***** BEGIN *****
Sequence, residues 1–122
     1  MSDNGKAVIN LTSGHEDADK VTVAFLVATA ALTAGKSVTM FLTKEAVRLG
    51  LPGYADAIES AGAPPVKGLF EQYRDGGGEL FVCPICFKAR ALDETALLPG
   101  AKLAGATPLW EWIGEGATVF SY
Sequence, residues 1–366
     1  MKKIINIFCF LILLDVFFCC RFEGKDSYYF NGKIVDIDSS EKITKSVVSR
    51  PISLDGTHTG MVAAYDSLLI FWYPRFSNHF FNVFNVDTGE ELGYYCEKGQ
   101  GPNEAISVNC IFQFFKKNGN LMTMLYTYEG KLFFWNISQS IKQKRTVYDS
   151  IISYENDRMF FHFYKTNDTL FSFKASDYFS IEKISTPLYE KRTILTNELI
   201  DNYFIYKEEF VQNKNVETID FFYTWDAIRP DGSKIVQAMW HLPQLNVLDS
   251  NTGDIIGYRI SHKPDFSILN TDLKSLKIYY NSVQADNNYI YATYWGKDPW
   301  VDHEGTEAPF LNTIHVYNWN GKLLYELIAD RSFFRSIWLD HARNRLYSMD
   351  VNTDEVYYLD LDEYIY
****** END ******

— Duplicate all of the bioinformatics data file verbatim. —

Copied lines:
Sequence, residues 1–122
     1  MSDNGKAVIN LTSGHEDADK VTVAFLVATA ALTAGKSVTM FLTKEAVRLG
    51  LPGYADAIES AGAPPVKGLF EQYRDGGGEL FVCPICFKAR ALDETALLPG
   101  AKLAGATPLW EWIGEGATVF SY
Sequence, residues 1–366
     1  MKKIINIFCF LILLDVFFCC RFEGKDSYYF NGKIVDIDSS EKITKSVVSR
    51  PISLDGTHTG MVAAYDSLLI FWYPRFSNHF FNVFNVDTGE ELGYYCEKGQ
   101  GPNEAISVNC IFQFFKKNGN LMTMLYTYEG KLFFWNISQS IKQKRTVYDS
   151  IISYENDRMF FHFYKTNDTL FSFKASDYFS IEKISTPLYE KRTILTNELI
   201  DNYFIYKEEF VQNKNVETID FFYTWDAIRP DGSKIVQAMW HLPQLNVLDS
   251  NTGDIIGYRI SHKPDFSILN TDLKSLKIYY NSVQADNNYI YATYWGKDPW
   301  VDHEGTEAPF LNTIHVYNWN GKLLYELIAD RSFFRSIWLD HARNRLYSMD
   351  VNTDEVYYLD LDEYIY